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Despite record-setting heat on Sept. 24, more than a hundred people showed up on the front lawn of the Willard House Museum, 1728-30 Chicago Ave., to celebrate the 178th birthday of local temperance and suffrage leader Frances E. Willard (1839 -98). They also came to hear U.S. Rep. Jan Schakowsky recount her path to leadership and to help launch the new Center for Women’s History and Leadership, resulting from the imminent merger of the Frances Willard Historical Association (FWHA) and the National Woman’s Christian Temperance Union (NWCTU).
The annual “Do Everything” party theme picked up on a Willard motto that is reflected in the far-reaching mission of the new Center. It was also emblazoned on Rep. Schakowsky’s “Do Everything” T-shirt that encouraged women to: publish, lobby, petition, preach, organize, and educate – almost all of which she herself has done, starting with a late 1960s campaign to let consumers know how fresh the food is that they buy. In fact, on the next shopping trip to the grocery store, anyone who checks the expiration date on a bottle of milk or a jar of spaghetti sauce can thank her grassroots group for this important information.
It was 1969 when National Consumers United (NCU) was founded. Jan Schakowsky was a young housewife in the northwest suburbs when she and several friends began visiting grocery stores to promote freshness dating. She said they had all been victims of buying spoiled food, of opening slimy hotdog packages or containers of cottage cheese topped with green mold.
Primarily, they went to the big Chicago-area chains: Jewel Food and National Tea Company. They would ask the clerk, the butcher, any employee how fresh a particular product was and how they could tell. They came armed with clipboards and pens, copying down whatever they learned. Sometimes they came with reporters.
They would ask how to read the product code, but it turned out grocers considered that a trade secret. The best strategy to learn the code, they found, was to persuade stock boys to tell them. That’s how we began “cracking the code,” Rep. Schakowsky said. They also learned other ways to determine freshness. For example, the color of a twist on the bread bag signified what day it arrived at the store. They soon realized, she said, that many items were long past any fresh date, with some sitting on the shelf for months or even years.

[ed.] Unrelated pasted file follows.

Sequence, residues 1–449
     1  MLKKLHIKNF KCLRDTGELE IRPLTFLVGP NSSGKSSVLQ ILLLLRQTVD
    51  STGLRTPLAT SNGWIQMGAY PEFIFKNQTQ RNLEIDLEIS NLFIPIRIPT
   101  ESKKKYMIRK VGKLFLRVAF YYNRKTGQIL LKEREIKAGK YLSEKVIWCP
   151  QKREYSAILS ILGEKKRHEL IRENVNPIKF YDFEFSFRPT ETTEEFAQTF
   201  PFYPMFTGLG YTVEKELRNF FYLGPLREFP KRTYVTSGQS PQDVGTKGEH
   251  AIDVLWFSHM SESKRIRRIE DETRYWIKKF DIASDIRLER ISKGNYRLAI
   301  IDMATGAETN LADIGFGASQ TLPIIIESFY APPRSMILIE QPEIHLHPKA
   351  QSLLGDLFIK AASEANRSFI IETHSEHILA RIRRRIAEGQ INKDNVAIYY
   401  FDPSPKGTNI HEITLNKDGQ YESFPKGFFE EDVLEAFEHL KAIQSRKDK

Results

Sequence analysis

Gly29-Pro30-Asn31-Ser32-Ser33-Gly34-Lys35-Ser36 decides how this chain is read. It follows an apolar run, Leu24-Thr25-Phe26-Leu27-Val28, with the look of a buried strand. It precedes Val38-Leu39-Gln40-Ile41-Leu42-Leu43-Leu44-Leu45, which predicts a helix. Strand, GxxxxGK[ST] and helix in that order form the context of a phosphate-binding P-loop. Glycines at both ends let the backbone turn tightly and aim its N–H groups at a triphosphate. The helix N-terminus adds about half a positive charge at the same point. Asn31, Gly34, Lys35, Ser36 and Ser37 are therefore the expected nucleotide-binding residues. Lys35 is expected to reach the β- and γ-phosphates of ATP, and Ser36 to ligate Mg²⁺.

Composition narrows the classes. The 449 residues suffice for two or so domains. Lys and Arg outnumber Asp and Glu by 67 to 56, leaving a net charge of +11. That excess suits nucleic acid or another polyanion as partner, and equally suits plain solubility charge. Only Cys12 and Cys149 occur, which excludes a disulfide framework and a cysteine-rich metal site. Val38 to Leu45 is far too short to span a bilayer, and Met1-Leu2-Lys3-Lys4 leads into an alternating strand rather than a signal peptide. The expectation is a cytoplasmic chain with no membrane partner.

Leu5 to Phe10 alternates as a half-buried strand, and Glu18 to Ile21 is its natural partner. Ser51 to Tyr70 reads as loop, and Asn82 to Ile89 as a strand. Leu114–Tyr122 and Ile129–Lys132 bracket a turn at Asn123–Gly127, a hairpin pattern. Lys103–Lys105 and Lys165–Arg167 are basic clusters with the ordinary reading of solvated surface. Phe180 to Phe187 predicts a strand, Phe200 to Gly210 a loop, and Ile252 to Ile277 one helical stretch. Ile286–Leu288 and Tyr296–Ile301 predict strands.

The group’s persistence and creativity brought them to the attention of the National Tea Company, which hired top-flight lawyers to investigate these irritating activists. “National even called our husbands at work,” Rep. Schakowsky said, “and asked why they couldn’t control their wives.”
In 1970, the women bought one share of stock in Jewel and one in National. A single share opened the door for them to attend National’s stockholders meeting that year. There they nominated Chicago’s iconoclastic journalist Mike Royko for a seat on the board. They also pressed the company for reports on just how much money had been spent investigating them. “We upset the company president so much,” the Congresswoman said, “that he called us ‘either communists or spies from Jewel.’”
When the NCU women had deciphered a thousand codes, they published every one of them. Consumers and consumer groups from across the country snapped up the invaluable code book until some 25,000 copies were sold at 50¢ apiece.
In the Chicago area, Jewel was the first chain store to buckle. Rep. Schakowsky said its advertising even began to urge women to shop at Jewel because it had easy-to-read dating. National Tea soon followed.
During all of her years in government office – eight in the Illinois legislature and, so far, 18 in the U.S. House of Representatives – Rep. Schakowsky has continued to focus on consumer issues.
“From ordinary housewives,” she said, “we were changed into ‘ordinary housewives who could make a difference in the world.’” She admitted, “That is a very addictive feeling.”
“Well, that’s my story,” she concluded and urged everyone to join her and “get off the sidelines.”
The party wound up with guests invited to tell their own stories, recorded with assistance from the Library of Congress StoryCorps. Guests also toured Rest Cottage, Miss Willard’s former home willed to the NWCTU at her death. It was turned into a museum in 1900. Today the Willard House Museum and the Frances Willard Memorial Library and Archives are run by the FWHA. They occupy two of the five buildings in Evanston’s WCTU Historic District. Ownership of the district’s land and all five buildings are expected to be transferred in November from the NWCTU to the new Center.